jesse-james-farm
courtesy jessejamesmuseum.org

So I said “Show Me” some haunted places in Mizzou. And Missouri scared the heck outta me y’all. Here’s 10 places we feel y’all oughta visit:

  1. The Lemp Mansion – St. Louis – Founded by the man who brought Lager beer to St. Louis. The demise of the Lemp empire is one of the great mercantile mysteries of St. Louis. The first major fissure in the Lemp dynasty occurred when Frederick Lemp, William’s favorite son and the heir apparent to the brewery presidency, died under mysterious circumstances in 1901. Three years later, William J. Lemp shot himself in the head in a bedroom at the family mansion, apparently still grieving the loss of his beloved Frederick. William J. Lemp, Jr. succeeded his father as president. Tragedy continued through each generation. Considered one of the most haunted places in Missouri.
  2. Zombie Road – Wildwood- This 2.3 mile section of old railroad tracks is one of the largest American Indian mound sites; it was walked by settlers crossing the country; and it was used by the Union Army during the Civil War. It is said the “shadow people” watch at night. Considered one of the most haunted roads in America.
  3. 1836 Missouri State Penitentiary– Jefferson City – Known as the Bloodiest 47 Acres in America, this prison was once the largest prison in the U.S., housing 5,200 inmates at its peak.
  4. Pythian Castle – Springfield – The Knights of Pythias — a fraternal organization dedicated to loyalty, honor and friendship — had the Castle built in 1913. In those days, the work of the Knights was highly respected.The Castle served dual roles for the order: a genteel rest home for aging knights’ widows and an orphanage for knights’ children. Though conditions were not so genteel. In 1942, the Castle’s story would change . The US government expropriated the building, converting the farm into a troop camp of sorts, mainly for injured servicemen.Many POWS from Germany and Japan.
  5. Union Station – Kansas City – Opened in 1914, on June 17, 1933,  four lawmen were gunned down by gang members attempting to free captured fugitive Frank Nash. Nash was also killed in the gun battle. The “Kansas City Massacre” highlighted the lawlessness of Kansas City under the Pendergast Machine and resulted in the arming of all FBI agents.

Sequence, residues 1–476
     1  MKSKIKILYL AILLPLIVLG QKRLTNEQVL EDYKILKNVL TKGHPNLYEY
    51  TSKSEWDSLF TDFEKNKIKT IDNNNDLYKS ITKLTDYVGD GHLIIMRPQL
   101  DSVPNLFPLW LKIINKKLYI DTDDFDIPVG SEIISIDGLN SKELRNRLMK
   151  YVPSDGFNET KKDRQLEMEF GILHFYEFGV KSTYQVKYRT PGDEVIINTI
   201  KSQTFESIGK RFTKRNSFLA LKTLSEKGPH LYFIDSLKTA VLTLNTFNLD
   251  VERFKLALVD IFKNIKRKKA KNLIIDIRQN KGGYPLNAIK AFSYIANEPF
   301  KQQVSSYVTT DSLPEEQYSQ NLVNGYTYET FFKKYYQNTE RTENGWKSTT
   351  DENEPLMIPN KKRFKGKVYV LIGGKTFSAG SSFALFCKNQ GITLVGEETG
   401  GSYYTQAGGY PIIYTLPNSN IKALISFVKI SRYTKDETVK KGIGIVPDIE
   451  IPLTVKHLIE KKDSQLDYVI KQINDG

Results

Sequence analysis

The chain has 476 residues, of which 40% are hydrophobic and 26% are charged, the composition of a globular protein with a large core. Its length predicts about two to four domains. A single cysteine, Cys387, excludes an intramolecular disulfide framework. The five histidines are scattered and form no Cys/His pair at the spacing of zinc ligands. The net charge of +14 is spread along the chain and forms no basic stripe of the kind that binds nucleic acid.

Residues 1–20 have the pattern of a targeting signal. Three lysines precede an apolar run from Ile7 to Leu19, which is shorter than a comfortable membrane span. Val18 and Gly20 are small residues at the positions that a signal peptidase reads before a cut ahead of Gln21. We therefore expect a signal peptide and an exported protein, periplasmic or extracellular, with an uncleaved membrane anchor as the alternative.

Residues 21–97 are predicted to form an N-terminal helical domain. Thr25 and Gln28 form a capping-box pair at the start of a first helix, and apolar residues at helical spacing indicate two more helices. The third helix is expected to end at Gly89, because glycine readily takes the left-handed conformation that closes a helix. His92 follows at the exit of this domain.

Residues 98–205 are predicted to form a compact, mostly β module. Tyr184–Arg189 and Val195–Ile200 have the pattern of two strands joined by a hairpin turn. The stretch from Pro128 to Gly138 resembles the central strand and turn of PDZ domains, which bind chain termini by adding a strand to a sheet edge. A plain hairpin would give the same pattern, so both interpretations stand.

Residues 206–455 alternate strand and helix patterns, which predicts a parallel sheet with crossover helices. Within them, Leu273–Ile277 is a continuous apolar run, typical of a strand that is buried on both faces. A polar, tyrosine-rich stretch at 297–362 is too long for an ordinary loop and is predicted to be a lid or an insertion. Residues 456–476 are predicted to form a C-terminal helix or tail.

6. Jesse James Farm – Kearney
  7. Smallet’s Cave – Ava – Home of the “Headless Cobbler” An ‘old man’ Evans sometime during the Civil War moved his shoe leather and cobbling gear into the Smallett Cave at the foot of his property.  Cobbler Evans has his reasons for making shoes back in the cave:  he had a good-sized family to feed and keep shod, and neither he nor his leather and tools were safe from rebel soldiers outside the cave.  So, safe from discovery, the shoemaker worked through the daylight hours back in the Smallet Cave, often returning to his home after dark. Story goes he was found beheaded with shoes hanging around his neck and his head was later found deep in the cave. But, you can still hear him tapping on his shoes, and some have said to seen his headless apparition.
  8. Thespian Hall – Boonville- Thespian Hall in Boonville holds the distinction of being the oldest operating theater west of the Appalachians. It was built in 1857 and has served as a theater, a dance hall, a library, a movie theater, a stable, a skating rink, a church and even a Civil War hospital. Mrs. X is known to haunt the grounds for decades.
  9. Alton, Mo.- Yes the whole dang town! The city is considered “One of the Most Haunted Small Towns in America.”
  10. The Exorcist House – St. Louis – Yep, THAT “The Exorcist” House. What some people don’t realize is that The Exorcist was based on a real life case that happened in St Louis.Click the link to read the story.

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